As everyone knows, today is the 10 year anniversary of the heinous terrorist attack on the World Trade Center in New York City and on the Pentagon. I remember very clearly that day. I remember where I was, what I was thinking, what I was wearing, the complete loss of appetite and desire to do anything but stare at the tv...But what I remember the most was the gravity it laid on my soul. What I remember most was my 15th birthday.
Today is now my 25th birthday. I am a quarter-century old. I have changed so much since that morning 10 years ago, but the gravity still sits as heavy as it ever did. Please don't get me wrong; this isn't about me being upset that one of the greatest tragedies of our time happened on my birthday. I'm not naive enough to think that it was a personal affront to me. But ever since that day, birthdays have been a little bittersweet.
One thing I clearly remember was the pain I was in. That year, I had spent the better part of the week coughing up blood and running a fever. I had a nasty little bronchial infection (the bronchial tube is part of the respiratory system i.e. lungs) and felt like I'd been hit by a truck physically. Each breath felt like needles sticking in my lungs and throat, and I was unbelievable exhausted. Then, the tragic events in the East...Suddenly, I felt like the truck came back and ran over me mentally. I was heartbroken at the loss of life and complete disregard for the value of each life that was taken. I was furious that someone could condone what was done, claiming it was what their God desired and that what they did was righteous.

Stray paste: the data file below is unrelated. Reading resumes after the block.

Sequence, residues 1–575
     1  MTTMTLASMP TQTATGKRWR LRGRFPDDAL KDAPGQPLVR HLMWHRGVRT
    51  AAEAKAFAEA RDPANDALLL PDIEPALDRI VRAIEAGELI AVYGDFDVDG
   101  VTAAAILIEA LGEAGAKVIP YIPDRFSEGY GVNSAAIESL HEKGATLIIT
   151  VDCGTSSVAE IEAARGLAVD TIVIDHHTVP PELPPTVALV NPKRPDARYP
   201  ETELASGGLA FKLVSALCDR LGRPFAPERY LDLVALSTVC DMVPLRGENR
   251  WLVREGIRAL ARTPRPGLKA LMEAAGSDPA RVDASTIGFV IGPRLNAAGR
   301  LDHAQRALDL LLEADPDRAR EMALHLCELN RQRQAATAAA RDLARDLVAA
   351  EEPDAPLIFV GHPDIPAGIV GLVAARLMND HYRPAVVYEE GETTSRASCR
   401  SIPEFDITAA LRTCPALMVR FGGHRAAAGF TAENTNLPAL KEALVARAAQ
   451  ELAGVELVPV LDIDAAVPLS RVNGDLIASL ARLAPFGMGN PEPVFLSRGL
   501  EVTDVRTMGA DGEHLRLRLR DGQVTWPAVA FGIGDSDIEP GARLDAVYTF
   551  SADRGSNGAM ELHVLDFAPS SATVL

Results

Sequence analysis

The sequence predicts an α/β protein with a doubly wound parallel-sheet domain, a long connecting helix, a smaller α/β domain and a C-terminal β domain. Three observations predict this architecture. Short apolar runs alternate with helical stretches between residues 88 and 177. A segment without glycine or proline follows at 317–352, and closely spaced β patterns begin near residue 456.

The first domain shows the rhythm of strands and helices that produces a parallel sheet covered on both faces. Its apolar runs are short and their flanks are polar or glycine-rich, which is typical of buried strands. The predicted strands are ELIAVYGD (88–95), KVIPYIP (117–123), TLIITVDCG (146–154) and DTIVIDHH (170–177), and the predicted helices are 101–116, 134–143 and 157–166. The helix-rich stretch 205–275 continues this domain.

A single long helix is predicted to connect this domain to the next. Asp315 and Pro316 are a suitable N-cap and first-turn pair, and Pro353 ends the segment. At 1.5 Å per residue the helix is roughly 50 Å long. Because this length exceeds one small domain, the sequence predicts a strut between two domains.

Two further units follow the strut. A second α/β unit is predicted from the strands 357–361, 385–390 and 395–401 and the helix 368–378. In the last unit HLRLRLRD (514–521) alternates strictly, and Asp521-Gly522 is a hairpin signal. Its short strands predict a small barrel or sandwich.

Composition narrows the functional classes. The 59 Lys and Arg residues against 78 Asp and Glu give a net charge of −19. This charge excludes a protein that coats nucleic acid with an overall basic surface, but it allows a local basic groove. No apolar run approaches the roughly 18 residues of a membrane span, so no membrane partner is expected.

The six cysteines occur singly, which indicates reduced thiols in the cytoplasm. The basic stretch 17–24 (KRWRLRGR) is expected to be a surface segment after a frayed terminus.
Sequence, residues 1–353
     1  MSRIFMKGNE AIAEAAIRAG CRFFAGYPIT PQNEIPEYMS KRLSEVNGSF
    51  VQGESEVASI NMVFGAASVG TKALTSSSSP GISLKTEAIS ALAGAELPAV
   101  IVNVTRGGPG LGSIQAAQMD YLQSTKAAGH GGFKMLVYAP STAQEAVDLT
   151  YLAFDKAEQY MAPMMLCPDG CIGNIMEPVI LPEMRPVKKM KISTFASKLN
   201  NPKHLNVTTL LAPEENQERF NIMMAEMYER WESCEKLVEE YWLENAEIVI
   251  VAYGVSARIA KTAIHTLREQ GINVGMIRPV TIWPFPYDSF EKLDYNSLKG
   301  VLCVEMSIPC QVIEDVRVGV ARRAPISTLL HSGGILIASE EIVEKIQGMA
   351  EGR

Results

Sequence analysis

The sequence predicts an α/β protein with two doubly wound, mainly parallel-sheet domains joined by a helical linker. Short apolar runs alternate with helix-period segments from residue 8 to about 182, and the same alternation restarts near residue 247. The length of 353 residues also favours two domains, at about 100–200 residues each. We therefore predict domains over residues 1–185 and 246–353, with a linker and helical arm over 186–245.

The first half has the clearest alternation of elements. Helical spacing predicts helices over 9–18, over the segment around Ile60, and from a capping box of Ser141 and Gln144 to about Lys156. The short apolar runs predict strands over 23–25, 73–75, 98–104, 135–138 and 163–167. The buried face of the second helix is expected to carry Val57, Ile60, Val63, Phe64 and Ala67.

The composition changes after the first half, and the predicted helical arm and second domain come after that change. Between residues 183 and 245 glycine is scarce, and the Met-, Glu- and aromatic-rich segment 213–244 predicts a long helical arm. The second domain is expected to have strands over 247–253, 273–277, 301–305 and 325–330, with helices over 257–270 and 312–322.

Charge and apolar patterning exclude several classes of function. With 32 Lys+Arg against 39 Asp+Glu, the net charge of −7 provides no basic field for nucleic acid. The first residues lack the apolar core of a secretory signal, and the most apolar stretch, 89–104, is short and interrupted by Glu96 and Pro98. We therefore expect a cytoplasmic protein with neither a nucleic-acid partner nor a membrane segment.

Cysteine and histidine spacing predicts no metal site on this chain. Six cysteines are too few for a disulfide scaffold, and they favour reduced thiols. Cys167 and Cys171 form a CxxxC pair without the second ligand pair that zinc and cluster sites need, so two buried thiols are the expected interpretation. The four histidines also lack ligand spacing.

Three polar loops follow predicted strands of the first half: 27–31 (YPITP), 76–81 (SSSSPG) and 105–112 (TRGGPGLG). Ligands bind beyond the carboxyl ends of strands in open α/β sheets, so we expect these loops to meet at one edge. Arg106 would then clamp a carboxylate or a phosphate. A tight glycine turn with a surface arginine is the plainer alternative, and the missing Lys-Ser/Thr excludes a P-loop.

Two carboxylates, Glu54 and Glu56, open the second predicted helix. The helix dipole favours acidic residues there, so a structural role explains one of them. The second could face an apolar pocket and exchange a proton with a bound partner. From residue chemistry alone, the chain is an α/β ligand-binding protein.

I was horrified by the events of that day; scared to death to go to school when I got better. I had nightmares for weeks. The idea of getting on an airplane was terrifying. As many have said, I will never forget that day 10 years ago.
Now, the real reason I decided to post: I am ok with sharing my birthday with that day. That sounds bizarre, but I couldn't think of a better way to celebrate my birthday than to remember the fallen heroes from that day. For that matter, I am honored to do so, along with remembering everyone affected from that September morning. Heroes transcend time. 10 years, 20 years, 100...It doesn't matter. Those brave men and women gave their lives trying to save everyone they could. They are heroes. I am proud to share my birthday with them as a chance to remember them.
I'm sure you've all thought back to that day; where you were, what you felt...I pray we never forget. As long as I live, I pledge to always remember that day. Things change, scars heal, but the memory remains. Thank you to all those who gave their lives or sacrificed so much. You will never be forgotten.